Terrorists and other criminals use false passports, Noble said. As examples, he cited al-Qaeda operative Ramzi Yousef, who was convicted for planning the attack against the World Trade Center in New York in 1993, and Milorad Ulemek, convicted for the murder in 2003 of Zoran Djindjic, Prime Minister of Serbia. Both men committed these crimes after traveling from one country to another using stolen passports.

In Latin America, groups of Colombians and Uruguayans supply legitimate passports to drug cartels and terrorist organizations such as the Revolutionary Armed Forces of Colombia (FARC), El Pais reported in October 2012.

In the Dominican Republic, a stolen foreign passport can be sold for between $10,000 and $15,000 (USD), Tele Diario reported on Jan. 14.

Malaysian Airlines mystery

On March 8, a Malaysia Airlines plane disappeared after departing from Kuala Lumpur on a flight to Beijing. Of the 239 people on board, two passengers were using stolen European passports.

The plane has not been found. There is no evidence connecting the disappearance of the plane to the two men who were using stolen passports.

Nonetheless, the presence of two people who were using stolen passports underscored the importance of checking for them, according to Interpol.

“We want danger to be identified by security forces as far away as possible from check-in counters, boarding gates, and runways,” Noble said in his speech at the Aviation Security and Border Control Summit in November 2013 in Doha, Qatar.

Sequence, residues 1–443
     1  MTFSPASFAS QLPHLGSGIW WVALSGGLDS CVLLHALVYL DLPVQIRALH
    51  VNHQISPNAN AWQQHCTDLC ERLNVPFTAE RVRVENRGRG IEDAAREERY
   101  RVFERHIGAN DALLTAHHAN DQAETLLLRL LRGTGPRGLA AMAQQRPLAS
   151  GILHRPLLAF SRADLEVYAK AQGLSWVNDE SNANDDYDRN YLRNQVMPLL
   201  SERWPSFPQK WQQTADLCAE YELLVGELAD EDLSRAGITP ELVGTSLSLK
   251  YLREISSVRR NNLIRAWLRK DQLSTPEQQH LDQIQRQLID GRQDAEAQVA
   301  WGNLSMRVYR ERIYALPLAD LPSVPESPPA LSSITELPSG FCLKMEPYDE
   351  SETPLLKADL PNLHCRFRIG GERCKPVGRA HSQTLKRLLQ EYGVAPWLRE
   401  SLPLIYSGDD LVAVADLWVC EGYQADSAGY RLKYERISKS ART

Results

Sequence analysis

International air travel is increasing

The number of international air travelers is expected to increase from 1 billion in 2010 to nearly 2 billion by 2025. If airlines use the I-Checkit system, it will revolutionize international passenger control “by moving the first line of defense further away from airports,” Noble said in Doha.

Annually, airlines in the United States use I-Checkit more than 230 million times. Airlines in the United Kingdom and the United Arab Emirates use the program more than 140 million times and more than 100 million times annually. Singapore uses it more than 29 million times a year.

A national security issue: analyst

Ensuring that international passengers are not using stolen passports is an important safety issue, security analyst Rosanía said.

“This is a national security issue. Airlines are not only obligated to customers, but also to the national security of countries,” he said. “The airlines claim to only be responsible for commercial operations and that governments are responsible for security issues.”

Airlines “cannot be held unaccountable for the issue” and need to step up security in Latin America and throughout the world.

If Latin American airlines use I-Checkit program, there will be a decrease in the number of people traveling across borders with stolen documents, the security analyst said. The Interpol program is another tool that would help security forces in Central America, the Caribbean, and South America stay a step ahead of organized crime and terrorists.

Interpol is ready, willing and able to work with the airlines to help them prevent dangerous terrorists and criminals from boarding planes using lost and stolen passports registered in the Interpol database, Noble’s open letter expressed.

Source: Dialogo America